In 1963, Mr. Rosenthal was summoned to New York from Tokyo to become metropolitan editor. By 1969, he had become managing editor, and in 1977 he was named executive editor. For 17 years, until 1987, when he became an op-ed columnist, he was responsible for the news operation at the Times.
(The editorial page at the Times and at some other papers, including The Washington Post, is run by an entirely separate hierarchy that reports directly to the publisher. It is a distinction that remains extremely important to papers where the division is maintained.)
As a manager, Mr. Rosenthal was said to be abrasive and self-centered. A diminutive, bespectacled figure, he had a volcanic temper. Many found him intimidating. He advanced the careers of many journalists and derailed the careers of others. He was a constant source of friction and controversy in the Times newsroom. Admirers and critics spoke of him with equal fervor.
Arthur Gelb, a friend of Mr. Rosenthal's who also was the Times's managing editor, once offered this explanation of the Rosenthal character: "In every field, in every art, if you talk to an artist who has a very keen mind, you will find they are very restless. Anyone who is truly creative has a restlessness and natural impatience with others."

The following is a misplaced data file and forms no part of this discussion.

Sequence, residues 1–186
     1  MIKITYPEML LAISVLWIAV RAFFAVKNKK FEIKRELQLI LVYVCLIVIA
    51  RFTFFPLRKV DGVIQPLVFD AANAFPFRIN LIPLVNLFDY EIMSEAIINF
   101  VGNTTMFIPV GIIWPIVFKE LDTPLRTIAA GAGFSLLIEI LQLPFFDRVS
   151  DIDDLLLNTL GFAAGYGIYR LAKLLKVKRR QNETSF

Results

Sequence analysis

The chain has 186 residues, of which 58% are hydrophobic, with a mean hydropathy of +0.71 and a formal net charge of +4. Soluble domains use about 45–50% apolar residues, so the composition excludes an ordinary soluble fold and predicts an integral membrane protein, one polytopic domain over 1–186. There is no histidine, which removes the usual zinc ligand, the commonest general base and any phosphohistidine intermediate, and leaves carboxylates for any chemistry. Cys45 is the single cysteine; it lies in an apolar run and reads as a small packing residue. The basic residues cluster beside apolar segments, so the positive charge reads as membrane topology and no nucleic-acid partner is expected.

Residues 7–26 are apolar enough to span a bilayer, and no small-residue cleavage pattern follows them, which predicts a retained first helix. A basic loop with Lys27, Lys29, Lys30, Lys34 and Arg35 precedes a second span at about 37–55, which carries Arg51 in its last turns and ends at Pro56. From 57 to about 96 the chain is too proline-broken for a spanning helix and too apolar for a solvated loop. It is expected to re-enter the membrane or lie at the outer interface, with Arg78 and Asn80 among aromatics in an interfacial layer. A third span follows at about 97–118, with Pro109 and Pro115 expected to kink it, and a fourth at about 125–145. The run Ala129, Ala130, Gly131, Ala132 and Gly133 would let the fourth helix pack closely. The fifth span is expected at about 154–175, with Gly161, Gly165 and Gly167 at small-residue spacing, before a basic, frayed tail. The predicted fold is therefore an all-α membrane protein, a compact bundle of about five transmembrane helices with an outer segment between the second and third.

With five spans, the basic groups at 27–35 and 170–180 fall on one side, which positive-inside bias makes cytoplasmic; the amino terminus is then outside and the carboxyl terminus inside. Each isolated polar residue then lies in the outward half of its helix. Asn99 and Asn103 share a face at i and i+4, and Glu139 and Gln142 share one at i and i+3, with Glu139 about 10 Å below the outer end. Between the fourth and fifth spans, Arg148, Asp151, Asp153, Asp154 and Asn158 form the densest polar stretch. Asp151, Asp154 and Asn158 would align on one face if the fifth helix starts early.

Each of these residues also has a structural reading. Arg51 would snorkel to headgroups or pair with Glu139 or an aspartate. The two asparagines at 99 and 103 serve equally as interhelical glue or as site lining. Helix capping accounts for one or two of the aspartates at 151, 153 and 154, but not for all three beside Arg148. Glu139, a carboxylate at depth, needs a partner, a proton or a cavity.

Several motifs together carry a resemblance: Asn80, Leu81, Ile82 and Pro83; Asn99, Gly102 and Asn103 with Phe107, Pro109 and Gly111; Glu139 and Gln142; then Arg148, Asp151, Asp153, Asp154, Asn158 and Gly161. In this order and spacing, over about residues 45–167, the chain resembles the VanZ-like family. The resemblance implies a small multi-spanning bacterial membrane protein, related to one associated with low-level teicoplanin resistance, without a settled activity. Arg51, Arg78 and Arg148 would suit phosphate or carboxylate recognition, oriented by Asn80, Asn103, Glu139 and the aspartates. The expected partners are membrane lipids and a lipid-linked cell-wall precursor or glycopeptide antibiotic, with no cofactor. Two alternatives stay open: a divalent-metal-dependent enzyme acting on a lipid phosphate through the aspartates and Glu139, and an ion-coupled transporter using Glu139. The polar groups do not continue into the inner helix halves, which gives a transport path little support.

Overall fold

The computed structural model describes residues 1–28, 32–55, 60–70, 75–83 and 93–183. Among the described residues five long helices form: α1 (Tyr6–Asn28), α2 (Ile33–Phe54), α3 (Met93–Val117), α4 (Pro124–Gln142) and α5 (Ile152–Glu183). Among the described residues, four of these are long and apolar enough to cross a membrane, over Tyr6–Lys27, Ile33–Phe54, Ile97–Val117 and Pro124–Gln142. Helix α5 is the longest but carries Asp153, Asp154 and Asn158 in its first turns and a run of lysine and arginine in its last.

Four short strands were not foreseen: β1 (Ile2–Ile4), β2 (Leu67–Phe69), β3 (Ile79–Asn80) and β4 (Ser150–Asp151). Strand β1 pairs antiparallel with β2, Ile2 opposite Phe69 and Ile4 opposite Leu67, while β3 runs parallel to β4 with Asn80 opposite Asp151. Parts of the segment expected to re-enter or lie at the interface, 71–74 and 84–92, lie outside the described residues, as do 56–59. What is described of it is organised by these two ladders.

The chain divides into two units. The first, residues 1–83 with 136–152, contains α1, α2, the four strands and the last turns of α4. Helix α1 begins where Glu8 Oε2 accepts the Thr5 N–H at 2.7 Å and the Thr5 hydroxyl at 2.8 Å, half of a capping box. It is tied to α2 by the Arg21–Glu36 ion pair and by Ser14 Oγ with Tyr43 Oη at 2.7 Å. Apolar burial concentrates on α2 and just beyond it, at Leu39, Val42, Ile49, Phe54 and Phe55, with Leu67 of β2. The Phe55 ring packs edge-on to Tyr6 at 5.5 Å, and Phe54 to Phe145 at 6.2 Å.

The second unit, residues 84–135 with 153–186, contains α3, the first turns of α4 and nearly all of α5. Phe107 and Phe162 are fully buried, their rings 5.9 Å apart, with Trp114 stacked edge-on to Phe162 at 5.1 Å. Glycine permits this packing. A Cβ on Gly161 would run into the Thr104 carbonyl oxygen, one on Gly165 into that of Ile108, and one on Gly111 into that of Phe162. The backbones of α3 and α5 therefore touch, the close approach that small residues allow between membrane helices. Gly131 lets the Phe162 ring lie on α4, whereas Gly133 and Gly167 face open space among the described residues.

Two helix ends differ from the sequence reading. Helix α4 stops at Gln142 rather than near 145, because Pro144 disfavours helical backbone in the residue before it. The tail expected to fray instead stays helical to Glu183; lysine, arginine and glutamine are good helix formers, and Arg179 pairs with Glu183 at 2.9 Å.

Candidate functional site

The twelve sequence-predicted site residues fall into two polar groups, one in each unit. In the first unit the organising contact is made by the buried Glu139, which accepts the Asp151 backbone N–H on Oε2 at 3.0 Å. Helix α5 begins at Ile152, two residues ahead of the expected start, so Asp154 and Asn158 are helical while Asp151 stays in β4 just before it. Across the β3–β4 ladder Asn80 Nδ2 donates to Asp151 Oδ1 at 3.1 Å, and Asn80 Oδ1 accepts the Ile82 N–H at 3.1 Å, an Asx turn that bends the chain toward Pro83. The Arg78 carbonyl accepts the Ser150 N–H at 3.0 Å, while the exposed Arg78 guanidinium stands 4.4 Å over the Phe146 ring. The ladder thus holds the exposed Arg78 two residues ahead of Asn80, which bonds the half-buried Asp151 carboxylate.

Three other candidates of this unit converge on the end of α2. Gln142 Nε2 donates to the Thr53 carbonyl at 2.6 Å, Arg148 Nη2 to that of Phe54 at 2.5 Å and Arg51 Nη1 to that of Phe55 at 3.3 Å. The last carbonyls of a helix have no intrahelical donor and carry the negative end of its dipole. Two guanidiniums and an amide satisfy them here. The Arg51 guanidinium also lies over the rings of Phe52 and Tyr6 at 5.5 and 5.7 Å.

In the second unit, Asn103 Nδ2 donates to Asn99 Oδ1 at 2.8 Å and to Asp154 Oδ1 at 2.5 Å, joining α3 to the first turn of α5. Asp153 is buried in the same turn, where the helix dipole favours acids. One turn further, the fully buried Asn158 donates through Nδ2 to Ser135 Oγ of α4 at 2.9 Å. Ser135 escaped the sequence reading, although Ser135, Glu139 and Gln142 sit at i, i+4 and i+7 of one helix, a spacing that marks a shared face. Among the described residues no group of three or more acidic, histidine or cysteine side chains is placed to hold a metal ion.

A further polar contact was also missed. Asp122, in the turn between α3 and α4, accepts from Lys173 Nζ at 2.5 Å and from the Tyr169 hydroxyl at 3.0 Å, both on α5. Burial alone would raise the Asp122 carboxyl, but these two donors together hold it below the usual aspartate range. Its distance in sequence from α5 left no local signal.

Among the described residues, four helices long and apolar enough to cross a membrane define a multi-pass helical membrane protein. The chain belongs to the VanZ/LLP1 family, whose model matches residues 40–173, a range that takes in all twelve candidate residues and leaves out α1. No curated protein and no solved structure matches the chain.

There was never any question about Mr. Rosenthal's impact on the Times. He insisted on good writing and sent his reporters on stories that often were ignored by other publications -- and might have been missed by the Times except for his guidance.
He expanded coverage in every direction. The religion page, for example, became a venue for discussion of broad theological and philosophical questions rather than a summary of sermons.
Reader-friendly stories and features were added and given prominent display. New emphasis was placed on covering sports and the city itself. The daily paper went from two sections to four. The business report became a separate section. SportsMonday, Weekend and Science Times sections were published on different days of the week. Coverage of topics such as food and the arts was expanded.
At a time when many newspapers in New York and elsewhere in the country were losing readers, the Times's circulation increased and its financial health improved dramatically, due to its expanding national and regional editions.
Notable stories that Mr. Rosenthal assigned included the case of Kitty Genovese, who was fatally stabbed in her quiet Queens neighborhood. What had started as a brief crime report became a lengthy examination of why 38 people heard her screams for help without helping her or even calling police.